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Grandmother taken by con artists

1 year 5 months 3 weeks ago July 22, 2015 Jul 22, 2015 Wednesday, July 22 2015 July 22, 2015 9:12 AM in News
Source: WBRZ
By: Trey Schmaltz

CENTRAL - A grandmother is out thousands of dollars after she was tricked into thinking she was helping her grandson, but was actually opening her purse to thieves.

Gaynell Whiting said she got a strange call last week that her grandson was in trouble. She said the voice was similar to her grandson's, but it was slightly off. Even though she was hesitant about who she was talking to, she bought into the story that he was in trouble and wired the person on the line money.

"That's your heart, your grandchildren are," she said in an interview with WBRZ reporter Brett Buffington for WBRZ News 2 at 10:00 Tuesday.

"Everyone I told this story to, they've said they would have done the same thing."

The caller, acting like her grandson, said he was was arrested for DWI in Houston and needed the money to hire an attorney to resolve the situation. Whiting said the person on the phone called her "Maw Maw," just like her grandson.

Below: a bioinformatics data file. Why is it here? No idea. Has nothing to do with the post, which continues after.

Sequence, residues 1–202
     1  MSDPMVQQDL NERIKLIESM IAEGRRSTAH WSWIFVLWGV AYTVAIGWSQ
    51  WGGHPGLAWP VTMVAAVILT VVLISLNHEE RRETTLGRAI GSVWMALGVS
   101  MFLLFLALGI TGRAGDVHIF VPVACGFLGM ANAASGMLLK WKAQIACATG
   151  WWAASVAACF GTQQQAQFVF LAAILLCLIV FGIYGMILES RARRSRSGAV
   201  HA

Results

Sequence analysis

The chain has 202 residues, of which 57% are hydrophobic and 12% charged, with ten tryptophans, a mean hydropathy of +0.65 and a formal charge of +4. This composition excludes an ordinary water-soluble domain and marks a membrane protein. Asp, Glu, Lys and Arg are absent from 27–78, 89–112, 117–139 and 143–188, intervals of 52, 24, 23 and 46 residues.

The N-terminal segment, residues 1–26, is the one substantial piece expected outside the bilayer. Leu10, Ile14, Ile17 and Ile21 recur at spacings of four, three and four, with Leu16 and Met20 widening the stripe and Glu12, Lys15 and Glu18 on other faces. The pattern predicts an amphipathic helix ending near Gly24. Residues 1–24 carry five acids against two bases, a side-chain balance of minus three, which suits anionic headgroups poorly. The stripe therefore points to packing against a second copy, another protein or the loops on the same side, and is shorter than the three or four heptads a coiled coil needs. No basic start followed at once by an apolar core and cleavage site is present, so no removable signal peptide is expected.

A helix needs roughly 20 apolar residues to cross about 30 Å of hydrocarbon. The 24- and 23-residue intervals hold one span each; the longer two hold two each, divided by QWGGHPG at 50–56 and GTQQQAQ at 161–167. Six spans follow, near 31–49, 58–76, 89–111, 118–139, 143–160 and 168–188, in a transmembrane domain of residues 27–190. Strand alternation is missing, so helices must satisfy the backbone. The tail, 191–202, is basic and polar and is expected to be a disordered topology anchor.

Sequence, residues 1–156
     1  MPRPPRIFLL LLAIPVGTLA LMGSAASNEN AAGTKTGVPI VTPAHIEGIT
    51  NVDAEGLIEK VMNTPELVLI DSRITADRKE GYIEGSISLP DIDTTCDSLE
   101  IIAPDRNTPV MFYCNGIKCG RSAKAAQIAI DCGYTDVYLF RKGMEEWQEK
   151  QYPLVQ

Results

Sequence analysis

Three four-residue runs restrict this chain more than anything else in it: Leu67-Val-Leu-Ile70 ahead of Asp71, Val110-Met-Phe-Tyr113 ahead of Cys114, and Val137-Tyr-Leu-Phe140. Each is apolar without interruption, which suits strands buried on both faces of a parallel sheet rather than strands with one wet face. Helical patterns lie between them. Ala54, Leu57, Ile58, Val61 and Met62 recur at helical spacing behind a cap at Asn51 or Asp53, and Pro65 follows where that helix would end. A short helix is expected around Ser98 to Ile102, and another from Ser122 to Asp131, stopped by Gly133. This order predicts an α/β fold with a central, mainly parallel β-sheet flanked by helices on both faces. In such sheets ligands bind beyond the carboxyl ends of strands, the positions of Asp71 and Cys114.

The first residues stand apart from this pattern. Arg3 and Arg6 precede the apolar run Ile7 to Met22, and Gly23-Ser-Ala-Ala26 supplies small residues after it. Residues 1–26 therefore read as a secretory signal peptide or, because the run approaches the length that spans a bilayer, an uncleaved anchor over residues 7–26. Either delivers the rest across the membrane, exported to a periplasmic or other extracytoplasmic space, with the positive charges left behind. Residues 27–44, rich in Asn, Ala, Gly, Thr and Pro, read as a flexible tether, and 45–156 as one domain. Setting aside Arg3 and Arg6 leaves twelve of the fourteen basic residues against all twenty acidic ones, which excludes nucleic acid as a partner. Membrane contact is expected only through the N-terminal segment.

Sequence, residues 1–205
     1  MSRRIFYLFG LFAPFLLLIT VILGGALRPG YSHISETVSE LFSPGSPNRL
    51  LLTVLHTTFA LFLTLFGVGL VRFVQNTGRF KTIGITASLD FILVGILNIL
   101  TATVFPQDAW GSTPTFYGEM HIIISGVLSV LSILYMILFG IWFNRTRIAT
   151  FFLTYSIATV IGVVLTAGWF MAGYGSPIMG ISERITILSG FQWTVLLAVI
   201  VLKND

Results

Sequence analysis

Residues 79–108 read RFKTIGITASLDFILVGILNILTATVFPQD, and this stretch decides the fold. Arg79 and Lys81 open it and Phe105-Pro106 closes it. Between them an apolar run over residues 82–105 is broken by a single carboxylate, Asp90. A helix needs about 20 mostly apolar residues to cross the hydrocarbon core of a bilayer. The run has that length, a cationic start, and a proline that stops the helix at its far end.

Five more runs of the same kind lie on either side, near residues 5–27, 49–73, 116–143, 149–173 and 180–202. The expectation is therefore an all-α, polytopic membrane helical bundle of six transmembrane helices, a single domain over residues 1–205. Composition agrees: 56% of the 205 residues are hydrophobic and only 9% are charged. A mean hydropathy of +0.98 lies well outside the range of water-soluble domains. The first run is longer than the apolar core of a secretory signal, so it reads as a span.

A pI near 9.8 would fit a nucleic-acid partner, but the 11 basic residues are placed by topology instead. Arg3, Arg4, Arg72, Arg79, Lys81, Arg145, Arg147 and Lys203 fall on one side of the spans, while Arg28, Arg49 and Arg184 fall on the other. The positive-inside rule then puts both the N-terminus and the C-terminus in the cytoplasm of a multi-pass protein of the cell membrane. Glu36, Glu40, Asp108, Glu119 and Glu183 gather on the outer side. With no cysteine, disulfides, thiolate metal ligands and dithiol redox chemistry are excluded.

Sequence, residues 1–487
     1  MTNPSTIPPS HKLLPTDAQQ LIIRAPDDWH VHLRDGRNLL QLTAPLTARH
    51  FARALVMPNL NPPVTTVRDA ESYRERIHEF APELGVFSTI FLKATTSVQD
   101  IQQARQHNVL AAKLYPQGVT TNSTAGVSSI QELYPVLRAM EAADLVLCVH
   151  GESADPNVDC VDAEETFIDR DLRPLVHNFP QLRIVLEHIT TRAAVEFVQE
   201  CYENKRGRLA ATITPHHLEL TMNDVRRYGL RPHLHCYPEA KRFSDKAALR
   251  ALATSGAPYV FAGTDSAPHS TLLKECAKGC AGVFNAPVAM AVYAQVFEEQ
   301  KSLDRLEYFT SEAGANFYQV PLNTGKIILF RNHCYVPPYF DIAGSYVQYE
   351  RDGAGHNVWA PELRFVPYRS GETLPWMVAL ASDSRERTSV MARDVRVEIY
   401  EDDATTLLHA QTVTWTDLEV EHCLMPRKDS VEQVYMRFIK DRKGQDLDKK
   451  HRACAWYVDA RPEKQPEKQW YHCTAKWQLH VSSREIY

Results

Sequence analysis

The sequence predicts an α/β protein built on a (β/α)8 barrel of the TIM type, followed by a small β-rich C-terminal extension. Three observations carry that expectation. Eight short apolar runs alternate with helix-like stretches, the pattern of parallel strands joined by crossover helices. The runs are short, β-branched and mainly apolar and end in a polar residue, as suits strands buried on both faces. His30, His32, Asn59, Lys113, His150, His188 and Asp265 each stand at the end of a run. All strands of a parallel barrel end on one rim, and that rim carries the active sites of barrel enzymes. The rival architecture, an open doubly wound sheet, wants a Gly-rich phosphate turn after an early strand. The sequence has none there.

A second phone call, from someone claiming to be the attorney, was all it took to swindle Whiting out of $13,000. It didn't take much longer for her to realize she was scammed.

When she talked to her grandson about the situation, he said "'I haven't been to Houston,'" Whiting recalled. Apparently, her grandson had been in Texas with family and was not in trouble.

Whiting, 74, said the money that was stolen was going to be used to pay medical bills for her ailing husband.

"I took care of a mother with Alzheimer's for ten years. Before my mother passed away, I knew my husband was coming down with it. At this point in time, he doesn't know who the grandchildren are, and when I ask him who I am, he doesn't just say my name, he says 'my darlin.'"
Whiting said she felt compelled to share her story, hoping others won't fall victim.

"Please, please, please, never send cash. It doesn't matter what the story is, never send cash."

Whiting believes the crooks, whoever they are, got her information from Facebook.

A GoFund me account was set up to help assist Whiting.
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Follow the publisher of this post on Twitter: @treyschmaltz

 

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